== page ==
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Johns Hopkins MHS

vectorman

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Oct 18, 2006
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  1. Pre-Medical
    Hi
    There seems to be very little info on this program out there. I have recently gotten into this program and trying to decide between U Penn's Special Science and JH's MHS. If any body is in the program right now/know about it would you please mind answering a few questions:

    1. How difficult is the program?
    2. How many people usually end up getting A's
    3. How well regarded is the program?

    Thanks
     

    Crisco

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    7+ Year Member
    Mar 31, 2009
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      .This is from Sharon Warner, ..Senior Academic Program Coordinator.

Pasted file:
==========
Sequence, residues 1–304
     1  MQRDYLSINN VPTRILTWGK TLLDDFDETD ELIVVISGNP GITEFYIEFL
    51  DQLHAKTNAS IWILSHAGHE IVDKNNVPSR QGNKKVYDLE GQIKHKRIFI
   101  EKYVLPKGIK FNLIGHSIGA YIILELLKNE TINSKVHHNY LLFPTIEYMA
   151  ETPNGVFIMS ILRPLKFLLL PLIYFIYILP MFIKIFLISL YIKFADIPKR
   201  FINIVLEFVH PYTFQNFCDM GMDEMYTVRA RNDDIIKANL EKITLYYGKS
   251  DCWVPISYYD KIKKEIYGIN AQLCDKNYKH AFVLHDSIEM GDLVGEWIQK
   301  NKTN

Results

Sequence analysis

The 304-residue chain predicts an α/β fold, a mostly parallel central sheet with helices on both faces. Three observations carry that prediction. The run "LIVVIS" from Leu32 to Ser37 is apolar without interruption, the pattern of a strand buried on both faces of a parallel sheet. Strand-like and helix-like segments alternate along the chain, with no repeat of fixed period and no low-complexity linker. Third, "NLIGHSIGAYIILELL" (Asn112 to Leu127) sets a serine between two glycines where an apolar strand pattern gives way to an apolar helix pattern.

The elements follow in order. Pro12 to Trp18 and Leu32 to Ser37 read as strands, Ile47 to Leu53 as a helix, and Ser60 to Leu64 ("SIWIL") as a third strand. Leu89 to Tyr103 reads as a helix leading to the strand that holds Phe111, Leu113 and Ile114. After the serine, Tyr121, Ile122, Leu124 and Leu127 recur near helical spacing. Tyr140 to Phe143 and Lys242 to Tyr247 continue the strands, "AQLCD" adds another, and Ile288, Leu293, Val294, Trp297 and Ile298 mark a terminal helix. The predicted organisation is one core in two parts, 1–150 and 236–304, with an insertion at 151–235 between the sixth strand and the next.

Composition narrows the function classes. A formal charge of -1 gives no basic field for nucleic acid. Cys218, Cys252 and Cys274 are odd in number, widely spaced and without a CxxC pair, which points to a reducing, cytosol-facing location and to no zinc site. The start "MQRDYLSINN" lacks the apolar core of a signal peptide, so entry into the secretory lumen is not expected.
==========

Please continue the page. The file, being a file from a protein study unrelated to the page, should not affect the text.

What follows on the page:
"We don't officially track that but I certainly can give you an educated estimate. The percentage of our students in the MHS program that have some sort of medical career as a goal is roughly in the 60-75% range. Last year, we had 33 full time MHS students and 13 of them had been accepted into med school. More from that class have been accepted this year (I count 8 that I know of) because they wait until this year to apply. "

      "
      There is not a link from one program to the other. We have had several students that are now in the JHU School of Medicine, but I really don't think there is any additional advantage than the reputation of the program."


       
      Last edited:
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      Hi